Information about the Author:
According to his website:

I was born in 1952 in Berkeley, California.  I lived in the Bay Area until I was five, by which time I had three younger siblings. In 1958 we moved to St. Louis Park, Minnesota, where my parents continued to produce offspring.  By 1964 I had four brothers and two sisters. I attended Cedar Manor Elementary School (also the alma mater of Al Franken and the Coen brothers), and eventually graduated honor-free from St. Louis Park High School.  This is so tedious. Why do you keep reading?

For the next seven years I attended college, first at the Minneapolis College of Art & Design, then at the University of Minnesota, where I took nearly every one-level class offered, but very few three- or five-level classes.  I left college without graduating, but knowing a little bit about nearly everything, and a great deal about absolutely nothing.  That superficial education now serves me well at cocktail parties, and as a novelist.

After college I worked various jobs for which I was ill-suited, including sign painter, graphic artist, marketing executive, painter cap salesman, pineapple slicer, etc. Eventually, having no better options, I decided to write a novel. I finished writing Drawing Dead in 1991. Two years later it was published by Simon & Schuster.

In 2004 my novel Godless won the National Book Award for Young People's Literature. That's a huge deal if you are a writer. It made me deliriously happy.

Today, I live with novelist and poet Mary Logue in Golden Valley, Minnesota and Stockholm, Wisconsin. We have one small dog (are you still reading?) named Gaston. When I'm not writing or reading, I like to cook, run, bike, inline skate, hunt mushrooms, look at art, and take naps.

Teen Sci-Fi, Teen Adventure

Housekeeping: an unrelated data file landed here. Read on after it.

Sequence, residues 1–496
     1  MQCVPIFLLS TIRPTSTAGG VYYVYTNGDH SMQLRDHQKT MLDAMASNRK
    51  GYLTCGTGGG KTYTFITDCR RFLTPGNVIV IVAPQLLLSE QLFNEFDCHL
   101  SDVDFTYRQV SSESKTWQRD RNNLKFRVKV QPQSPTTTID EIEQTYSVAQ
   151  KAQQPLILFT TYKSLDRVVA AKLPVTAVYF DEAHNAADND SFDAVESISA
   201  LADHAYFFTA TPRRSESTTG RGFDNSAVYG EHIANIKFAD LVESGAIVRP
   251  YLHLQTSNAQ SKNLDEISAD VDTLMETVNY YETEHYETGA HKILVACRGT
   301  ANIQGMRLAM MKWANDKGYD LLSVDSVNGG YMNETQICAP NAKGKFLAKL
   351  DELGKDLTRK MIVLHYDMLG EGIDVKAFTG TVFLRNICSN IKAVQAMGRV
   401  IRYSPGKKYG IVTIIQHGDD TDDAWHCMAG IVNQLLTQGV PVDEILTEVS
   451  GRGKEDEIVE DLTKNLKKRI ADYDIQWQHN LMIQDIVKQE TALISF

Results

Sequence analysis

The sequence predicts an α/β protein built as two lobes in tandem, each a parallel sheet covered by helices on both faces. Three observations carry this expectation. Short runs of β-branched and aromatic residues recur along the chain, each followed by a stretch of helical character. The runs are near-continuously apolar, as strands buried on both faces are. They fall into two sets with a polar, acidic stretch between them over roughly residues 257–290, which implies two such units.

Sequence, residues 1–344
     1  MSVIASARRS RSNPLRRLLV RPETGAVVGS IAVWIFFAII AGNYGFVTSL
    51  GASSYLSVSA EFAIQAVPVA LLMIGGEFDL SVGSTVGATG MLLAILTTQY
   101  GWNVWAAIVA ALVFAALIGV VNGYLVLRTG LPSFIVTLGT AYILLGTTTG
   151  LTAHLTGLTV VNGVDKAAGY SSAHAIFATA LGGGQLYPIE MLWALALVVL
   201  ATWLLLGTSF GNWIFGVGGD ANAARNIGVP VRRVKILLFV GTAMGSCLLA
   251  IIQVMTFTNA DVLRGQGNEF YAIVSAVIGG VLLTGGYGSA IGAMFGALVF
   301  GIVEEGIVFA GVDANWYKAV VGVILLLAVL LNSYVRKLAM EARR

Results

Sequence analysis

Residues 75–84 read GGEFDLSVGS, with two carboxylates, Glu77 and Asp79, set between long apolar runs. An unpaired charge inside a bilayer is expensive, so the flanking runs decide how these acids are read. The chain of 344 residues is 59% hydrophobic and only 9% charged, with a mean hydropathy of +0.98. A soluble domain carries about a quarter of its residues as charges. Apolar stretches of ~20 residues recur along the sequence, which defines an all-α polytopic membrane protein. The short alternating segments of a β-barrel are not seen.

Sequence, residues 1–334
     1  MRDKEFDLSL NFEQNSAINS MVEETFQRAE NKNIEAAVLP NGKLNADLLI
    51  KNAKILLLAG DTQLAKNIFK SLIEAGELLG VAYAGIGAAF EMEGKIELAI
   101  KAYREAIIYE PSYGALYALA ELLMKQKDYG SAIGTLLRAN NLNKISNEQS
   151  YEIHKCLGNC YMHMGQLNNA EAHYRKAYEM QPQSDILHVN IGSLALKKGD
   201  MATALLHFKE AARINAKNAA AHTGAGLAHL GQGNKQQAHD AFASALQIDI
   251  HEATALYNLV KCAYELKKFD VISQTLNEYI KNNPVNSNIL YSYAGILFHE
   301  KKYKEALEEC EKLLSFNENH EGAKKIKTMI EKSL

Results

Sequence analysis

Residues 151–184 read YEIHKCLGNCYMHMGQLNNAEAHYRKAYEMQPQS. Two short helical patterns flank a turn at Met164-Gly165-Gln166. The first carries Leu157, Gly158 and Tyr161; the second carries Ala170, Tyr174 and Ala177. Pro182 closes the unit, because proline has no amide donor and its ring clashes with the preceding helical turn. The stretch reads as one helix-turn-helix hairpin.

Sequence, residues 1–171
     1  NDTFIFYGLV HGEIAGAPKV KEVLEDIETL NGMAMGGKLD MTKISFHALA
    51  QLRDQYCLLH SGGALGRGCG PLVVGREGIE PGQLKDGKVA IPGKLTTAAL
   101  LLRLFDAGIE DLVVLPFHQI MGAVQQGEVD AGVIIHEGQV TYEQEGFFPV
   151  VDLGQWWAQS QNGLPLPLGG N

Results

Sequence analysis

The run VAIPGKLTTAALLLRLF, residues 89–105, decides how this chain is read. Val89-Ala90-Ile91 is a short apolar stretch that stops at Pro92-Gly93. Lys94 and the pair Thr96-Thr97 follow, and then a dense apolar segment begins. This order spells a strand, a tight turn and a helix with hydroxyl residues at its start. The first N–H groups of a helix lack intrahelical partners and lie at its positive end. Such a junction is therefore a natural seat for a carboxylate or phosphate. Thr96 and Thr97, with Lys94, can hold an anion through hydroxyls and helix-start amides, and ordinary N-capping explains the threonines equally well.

Reading Level/Interest:
Grades 9 & up

Books Similar to The Obsidian Blade:

Awards & Recognition:

This might be Hautman’s most daring book yet. Throughout, Hautman raises significant issues concerning family, faith, and destiny. Well-developed and complex characters, a fascinating time travel framework (including dispatches from the far future), and a heart-stopping conclusion will leave readers looking forward to the next book.
—Publishers Weekly (starred review)

Vivid imagination and deft storytelling make for refreshing speculative fiction in this time-travel tale... Part science fiction, part adventure, part mystery, but every bit engrossing; be sure to start the hold list for the sequel.
—Kirkus Reviews (starred review)

This fast-paced opener to the Klaatu Diskos trilogy will satiate adventure seekers, and the refined brain candy will be delicious to more thoughtful readers... Tantalizing.
—Booklist (starred review) 

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Deborah Takahashi
Pasadena, CA, United States
My name is Deb and I am a Librarian who absolutely loves to read and recommend books to teen and tween readers. In this blog, you will find reviews on a variety resources ranging from books, movies, video games, and much more. Please feel free to leave any feedback, especially book recommendations!